“It is winter in Narnia,” said Mr. Tumnus, “and has been for ever so long…. always winter, but never Christmas.”
I can now count the ways that C.S. Lewis laid traps for my younger self to become obsessed with his secret world. A portal hidden in an empty old house. Talking animals serving tea in cosy dwellings. But most of all an enchanted land of snow and ice where Christmas has been banished forever. That was really something worth fighting for.
Children’s author Abi Elphinstone is a writer who has proved herself to be greatly adept at bringing the not so hidden magic of our landscape to life. The Lion the Witch and the Wardrobe cast a similar spell over her, and she has successfully bottled the spirit of Narnia into books like the Unmapped Chronicles and her magical, frozen adventure Sky Song. I asked her what it was about winter in Narnia that was so special.
“For me, the best winter stories are poised on the edge of miracles. There has to be a sense of longing and when the snow falls that longing is somehow brought closer.”
“Although I love that many winter stories boast sumptuous food, bulging stockings and brilliantly-decorated trees, I feel that the real wonder of these stories lies in the capacity for hope, the belief that as the snow falls it might bring magic with it, too.”
Some believed that Lewis spread his magic a little too widely. Not, as many have objected, because of his use of the Christ like Aslan, but in the introduction of a familiar red robed figure bearing gifts.
‘And on the sledge sat a person whom everyone knew the moment they set eyes on him. He was a huge man in a bright red robe (bright as holly-berries) with a hood that had fur inside it and a great white beard that fell like a foamy waterfall over his chest… Some of the pictures of Father Christmas in our world make him look only funny and jolly. But now that the children actually stood looking at him they didn’t find it quite like that. He was so big, and so glad, and so real, that they all became quite still. They felt very glad, but also solemn.’
C.S. Lewis’s friends, the authors J.R.R. Tolkien and Roger Lancelyn Green thought this was a bad idea. As committed folklorists they didn’t like the fact that he was mixing his mythologies. This blog suggests that Lewis was in fact using him, ‘as a clue, a pointer. Father Christmas acts as a sort of “John the Baptist” to identify Aslan as the Christ figure of Narnia.’ Possibly, though I can’t help think he was throwing everything at this his first children’s book to try and hook young readers.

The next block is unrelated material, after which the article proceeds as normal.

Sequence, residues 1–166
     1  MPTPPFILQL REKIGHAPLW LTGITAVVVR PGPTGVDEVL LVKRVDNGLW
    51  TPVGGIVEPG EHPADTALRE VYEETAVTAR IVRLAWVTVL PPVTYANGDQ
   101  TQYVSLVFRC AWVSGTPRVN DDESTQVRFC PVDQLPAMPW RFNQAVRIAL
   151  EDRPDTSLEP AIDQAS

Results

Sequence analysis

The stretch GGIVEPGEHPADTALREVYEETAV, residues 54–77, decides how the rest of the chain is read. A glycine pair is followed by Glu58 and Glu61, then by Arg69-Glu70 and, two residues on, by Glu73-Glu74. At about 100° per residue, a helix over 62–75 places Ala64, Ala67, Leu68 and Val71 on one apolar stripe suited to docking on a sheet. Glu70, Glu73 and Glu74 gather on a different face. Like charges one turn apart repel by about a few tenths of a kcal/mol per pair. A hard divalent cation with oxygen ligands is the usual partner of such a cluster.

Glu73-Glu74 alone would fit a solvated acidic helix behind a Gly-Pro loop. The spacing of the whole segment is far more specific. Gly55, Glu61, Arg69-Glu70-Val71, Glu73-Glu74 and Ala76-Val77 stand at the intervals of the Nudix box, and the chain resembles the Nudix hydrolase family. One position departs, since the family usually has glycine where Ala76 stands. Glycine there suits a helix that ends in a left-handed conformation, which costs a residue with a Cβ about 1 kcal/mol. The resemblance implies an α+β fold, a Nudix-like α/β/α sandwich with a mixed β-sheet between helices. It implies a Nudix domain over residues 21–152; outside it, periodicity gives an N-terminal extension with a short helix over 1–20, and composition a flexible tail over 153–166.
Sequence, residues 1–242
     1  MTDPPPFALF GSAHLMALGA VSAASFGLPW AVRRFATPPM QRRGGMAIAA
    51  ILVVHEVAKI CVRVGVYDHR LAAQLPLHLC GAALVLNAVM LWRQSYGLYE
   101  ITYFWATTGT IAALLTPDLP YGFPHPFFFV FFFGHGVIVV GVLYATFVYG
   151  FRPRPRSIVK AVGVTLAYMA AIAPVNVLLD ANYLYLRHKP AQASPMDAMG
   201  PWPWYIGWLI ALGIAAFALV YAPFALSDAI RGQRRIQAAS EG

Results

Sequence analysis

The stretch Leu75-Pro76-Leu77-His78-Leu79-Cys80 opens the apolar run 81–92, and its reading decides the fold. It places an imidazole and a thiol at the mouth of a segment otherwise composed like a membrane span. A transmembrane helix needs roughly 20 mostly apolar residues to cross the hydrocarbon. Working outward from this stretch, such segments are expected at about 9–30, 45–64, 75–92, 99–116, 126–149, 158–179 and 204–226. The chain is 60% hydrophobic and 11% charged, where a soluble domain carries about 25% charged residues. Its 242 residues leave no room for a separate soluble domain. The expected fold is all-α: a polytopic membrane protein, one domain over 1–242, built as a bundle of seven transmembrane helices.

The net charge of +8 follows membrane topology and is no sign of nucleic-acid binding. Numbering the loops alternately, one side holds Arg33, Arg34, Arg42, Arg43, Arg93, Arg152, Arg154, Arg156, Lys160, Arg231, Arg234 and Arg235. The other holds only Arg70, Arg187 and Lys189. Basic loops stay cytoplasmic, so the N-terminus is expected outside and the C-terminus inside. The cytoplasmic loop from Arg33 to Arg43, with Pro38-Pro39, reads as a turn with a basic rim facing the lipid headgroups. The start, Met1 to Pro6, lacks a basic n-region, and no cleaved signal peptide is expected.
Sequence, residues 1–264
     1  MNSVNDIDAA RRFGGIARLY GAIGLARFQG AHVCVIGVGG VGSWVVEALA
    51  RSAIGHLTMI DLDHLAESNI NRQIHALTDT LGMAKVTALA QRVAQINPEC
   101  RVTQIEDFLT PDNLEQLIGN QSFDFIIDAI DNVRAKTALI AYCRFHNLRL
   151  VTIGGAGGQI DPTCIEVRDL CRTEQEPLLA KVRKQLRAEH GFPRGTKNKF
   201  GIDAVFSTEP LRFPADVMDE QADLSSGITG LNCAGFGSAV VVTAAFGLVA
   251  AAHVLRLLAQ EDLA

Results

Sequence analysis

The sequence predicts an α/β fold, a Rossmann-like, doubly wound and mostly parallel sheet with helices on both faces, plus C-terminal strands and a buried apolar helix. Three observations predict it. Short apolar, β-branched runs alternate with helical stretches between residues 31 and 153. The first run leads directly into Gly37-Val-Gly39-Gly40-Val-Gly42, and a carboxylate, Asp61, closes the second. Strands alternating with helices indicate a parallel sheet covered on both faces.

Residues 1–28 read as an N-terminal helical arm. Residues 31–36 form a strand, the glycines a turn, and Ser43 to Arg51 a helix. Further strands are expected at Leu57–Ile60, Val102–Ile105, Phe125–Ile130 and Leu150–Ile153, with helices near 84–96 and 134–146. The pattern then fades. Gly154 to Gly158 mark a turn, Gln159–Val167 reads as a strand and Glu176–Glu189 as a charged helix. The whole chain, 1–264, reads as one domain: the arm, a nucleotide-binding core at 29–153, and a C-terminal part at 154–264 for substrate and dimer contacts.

For Abi Elphinstone it isn’t Father Christmas or even Aslan who is at the heart of The Lion, the Witch and the Wardrobe, but the character who stands in for the reader, Lucy Pevensie.
“The youngest of four siblings, Lucy’s heart is filled with longing. She wants to be believed by her brothers and sister and treated as their equal and it takes a world locked in the depths of winter and hidden behind a wardrobe to make her siblings understand.”
“Lucy not only dares to hope that Edmund, Susan and Peter will believe her stories of Narnia; she dares to hope that together with them she can save an entire land from the grips of the White Witch.”
“I think it is Lucy’s ability to hope against the odds and against the cynicism of her siblings that makes this story so powerful. Without it, the way through to Aslan’s values – forgiveness, friendship, courage and compassion – might never have been found.”
It is the arrival of Father Christmas and Aslan that mark the end of the White Witch’s long, cold rule over Narnia and the return of Spring. For Abi Elphinstone the ephemeral nature of snow and ice is what makes the world of the Lion the Witch and the Wardrobe so alluring.
“Perhaps it is because the snow won’t last forever – one day it will melt – and before it does you have a window, a short period of time where miracles might be possible after all.”